The following post is the seventh of a series based on information obtained from a fascinating book Susana recently obtained for research purposes. Coaching Days & Coaching Ways by W. Outram Tristram, first published in 1888, is chock full of commentary about travel and roads and social history told in an entertaining manner, along with a great many fabulous illustrations. A great find for anyone seriously interested in English history!
Fifty Years Later
Mr. Tristram, our illustrious author, wants us to know that travel has undergone a great deal of change from 1773, so he tells us the story of our hero Mirabel (see previous posts) fifty years later, when he’s in his seventies, having lived most of his life overseas and now is returning to England to take the same route to Exeter. Dressed in much the same way he did then, he waits outside the Gloucester Coffee-house for the Exeter Fly, where the young bucks stare at his old-fashioned attire.
He expects to see the Exeter Fly—a trifle improved upon possibly—but still the Exeter Fly. And what does he see in its stead rapidly approaching? Why, a turn-out drawn by four spanking grays, which he takes to be a gentleman’s carriage, and which would do credit to a crowned head.
It’s called the Comet and our friend Mirabel soon learns where its name came from. He mistakes the coachman, who is well-dressed and genteel (for he is also the proprietor of the coach) for a gentleman. The Hercules Pillars at Hyde Park Corner no longer exists (recall that Apsley House replaced it soon after our last trip to Exeter), and the roads are macadamized and therefore much smoother than when they were made with stone.
The Comet travels at ten miles an hour and arrives at Hounslow fifty-five minutes after leaving Hyde Park Corner, not stopping at Brentford at all. Mirabel is eager for some breakfast since being told that the coach would change horses there.
The proprietor, smiling superior, blandly tells him that they have changed horses while he was putting on his spectacles. “Only one minute allowed for it at Hounslow, sir, and it is often done in fifty seconds by those nimble-fingered horse-keepers.”
He then proceeds to urge the horses forward in such a way as to cause the coach to rock violently and alarm our valiant Mirabel (remember when he apprehended the highway back in 1773?). In response to his concerns, the proprietor says simply: “Oh, sir, we always ‘spring them’ over these six miles.”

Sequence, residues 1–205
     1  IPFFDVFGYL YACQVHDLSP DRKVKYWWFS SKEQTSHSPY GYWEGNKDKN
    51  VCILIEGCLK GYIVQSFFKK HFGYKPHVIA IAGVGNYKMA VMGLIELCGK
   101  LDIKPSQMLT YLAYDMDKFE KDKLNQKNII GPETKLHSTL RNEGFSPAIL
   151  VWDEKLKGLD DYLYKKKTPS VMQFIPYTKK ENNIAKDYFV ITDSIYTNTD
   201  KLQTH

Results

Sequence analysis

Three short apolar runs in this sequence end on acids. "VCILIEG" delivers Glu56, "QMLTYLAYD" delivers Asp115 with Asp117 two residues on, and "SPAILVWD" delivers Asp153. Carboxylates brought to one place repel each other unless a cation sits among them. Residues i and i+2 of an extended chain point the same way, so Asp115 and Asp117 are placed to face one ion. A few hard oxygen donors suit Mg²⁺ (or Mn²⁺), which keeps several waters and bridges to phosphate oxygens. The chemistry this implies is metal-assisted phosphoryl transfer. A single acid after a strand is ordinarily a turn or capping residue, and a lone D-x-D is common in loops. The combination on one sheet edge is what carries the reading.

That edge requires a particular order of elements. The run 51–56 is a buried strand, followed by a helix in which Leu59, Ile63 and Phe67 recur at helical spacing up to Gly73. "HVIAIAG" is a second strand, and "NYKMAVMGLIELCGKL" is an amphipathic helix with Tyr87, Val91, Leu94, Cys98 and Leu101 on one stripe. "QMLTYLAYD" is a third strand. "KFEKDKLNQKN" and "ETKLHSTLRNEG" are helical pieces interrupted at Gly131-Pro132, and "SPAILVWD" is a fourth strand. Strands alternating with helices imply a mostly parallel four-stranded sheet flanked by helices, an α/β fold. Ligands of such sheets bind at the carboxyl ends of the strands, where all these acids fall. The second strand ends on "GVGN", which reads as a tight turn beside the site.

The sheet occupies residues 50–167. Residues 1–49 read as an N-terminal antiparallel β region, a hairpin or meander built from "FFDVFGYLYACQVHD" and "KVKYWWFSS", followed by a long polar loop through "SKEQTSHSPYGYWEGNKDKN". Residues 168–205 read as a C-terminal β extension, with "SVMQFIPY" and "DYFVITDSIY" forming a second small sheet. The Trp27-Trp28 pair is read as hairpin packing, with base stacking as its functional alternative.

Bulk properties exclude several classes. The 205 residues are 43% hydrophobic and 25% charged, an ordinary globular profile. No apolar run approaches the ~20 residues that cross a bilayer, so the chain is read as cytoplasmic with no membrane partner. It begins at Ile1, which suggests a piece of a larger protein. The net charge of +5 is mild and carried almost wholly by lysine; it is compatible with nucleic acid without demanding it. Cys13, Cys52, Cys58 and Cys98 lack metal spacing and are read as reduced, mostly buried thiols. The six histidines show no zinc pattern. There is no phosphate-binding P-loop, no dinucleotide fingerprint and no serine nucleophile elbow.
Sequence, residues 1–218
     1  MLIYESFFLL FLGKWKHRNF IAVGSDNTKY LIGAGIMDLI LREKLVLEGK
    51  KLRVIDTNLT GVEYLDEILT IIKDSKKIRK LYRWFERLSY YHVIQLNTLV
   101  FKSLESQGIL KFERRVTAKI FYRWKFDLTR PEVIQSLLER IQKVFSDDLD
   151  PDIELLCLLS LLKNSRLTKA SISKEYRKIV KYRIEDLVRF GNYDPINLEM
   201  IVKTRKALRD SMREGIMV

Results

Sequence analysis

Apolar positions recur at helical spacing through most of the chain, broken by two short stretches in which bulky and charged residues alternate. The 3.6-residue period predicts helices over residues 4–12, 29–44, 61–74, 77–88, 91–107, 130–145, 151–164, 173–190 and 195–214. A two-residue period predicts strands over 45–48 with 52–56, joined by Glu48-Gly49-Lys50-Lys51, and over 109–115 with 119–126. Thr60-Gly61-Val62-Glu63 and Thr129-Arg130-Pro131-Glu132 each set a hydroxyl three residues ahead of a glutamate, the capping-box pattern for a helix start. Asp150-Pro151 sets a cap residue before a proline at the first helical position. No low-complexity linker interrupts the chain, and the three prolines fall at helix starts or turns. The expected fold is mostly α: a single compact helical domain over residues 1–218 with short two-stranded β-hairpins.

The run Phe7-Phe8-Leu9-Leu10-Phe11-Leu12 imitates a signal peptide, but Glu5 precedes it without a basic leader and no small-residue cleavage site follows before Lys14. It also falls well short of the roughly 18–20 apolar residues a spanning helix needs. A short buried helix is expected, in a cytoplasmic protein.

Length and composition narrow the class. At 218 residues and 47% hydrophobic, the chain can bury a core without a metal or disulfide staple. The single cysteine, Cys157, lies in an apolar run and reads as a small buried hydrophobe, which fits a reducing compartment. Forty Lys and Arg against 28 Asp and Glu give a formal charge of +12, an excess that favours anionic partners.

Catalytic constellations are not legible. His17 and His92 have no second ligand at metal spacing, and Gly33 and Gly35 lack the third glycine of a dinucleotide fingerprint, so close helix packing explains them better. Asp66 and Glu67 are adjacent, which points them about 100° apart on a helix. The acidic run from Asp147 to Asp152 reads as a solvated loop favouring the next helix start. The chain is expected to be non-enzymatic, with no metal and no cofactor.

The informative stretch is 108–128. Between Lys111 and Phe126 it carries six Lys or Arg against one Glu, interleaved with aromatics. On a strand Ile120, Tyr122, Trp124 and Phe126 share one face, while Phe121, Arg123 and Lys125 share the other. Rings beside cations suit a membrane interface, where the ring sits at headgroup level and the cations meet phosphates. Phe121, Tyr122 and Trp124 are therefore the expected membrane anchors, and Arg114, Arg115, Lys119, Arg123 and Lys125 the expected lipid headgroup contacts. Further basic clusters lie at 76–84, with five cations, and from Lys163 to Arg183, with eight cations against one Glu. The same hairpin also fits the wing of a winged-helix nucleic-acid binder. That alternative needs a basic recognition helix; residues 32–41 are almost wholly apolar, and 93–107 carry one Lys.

He looks out and sees death and destruction before his eyes, the horses going at the rate of a mile in three minutes, and the coachman in the act of taking a pinch of snuff.
At Staines, the coach takes on a fine thoroughbred “with a twitch on his nose” and Mirabel feels queasy, but the proprietor says, “Let ’em go, and take care of yourselves.” Just as Mirabel expected, the thoroughbred takes off and soon the horses are galloping and the coach rocks unmercifully, but the proprietor manages to steady them, and when Mirabel descends from the Comet at Bagshot, he is grateful to be alive and determined to find a slower and safer coach to take for the remainder of the journey.
Assured that the Regulator will be there in hour, Mirabel finally gets his breakfast and is ready and waiting when the Regulator draws up to the King’s Arms.
He sees…that it is a strong, well-built drag, painted chocolate, bedaubed all over with gilt letters, a bull’s head on the doors, a Saracen’s head on the hind boot, and drawn by four strapping horses.
The inside being full, Mirabel rides on the outside, and is relieved when the Regulator travels at a steady pace for the first five miles out of Bagshot. Once they reach the Hartford Bridge Flats, however, the coachman “springs ’em” to a gallop, and they go so face they catch up to the Comet. In the words of the coachman:
“He [Mirabel] was seated with his back to the horses, his arms extended to each extremity of the guard irons, his teeth set grim as death, his eyes cast down towards the ground, thinking the less he saw of his danger the better;”
and in this state he arrived at Hartford Bridge. Here he dismounted from the Regulator with the alacrity of lightning. “I will walk into Devonshire,” he cries. Then he thinks better of this, and says he will post; then he is told that posting will cost him twenty pounds; and then he says that will never do, and asks whether the landlord of The White Lion can suggest no coach to his notice that does not carry luggage on the top.
The Quicksilver Mail (the Devonshire)
The landlord advises him to take the Quicksilver mail, which travels at night, well-armed, with lamps and guards, and when asked about the speed, demurs and doesn’t mention that the Quicksilver mail (the Devonshire) is the fastest coach in England and commonly called the miracle of the road. But it doesn’t have luggage on top, at least.
Mirabel loses his head, and in spite of the assurances of the passengers that all is right, thrusts it out of the window to see where the deuce they are going to, sees nothing but dust and whirling wheels, and loses his wig.
Alas, we never find out whether or not poor old Mirabel ever got to Exeter, just that the coach reached Basingstoke, and presumably left our elderly hero there.
At least it wasn’t snowing as it did the last time!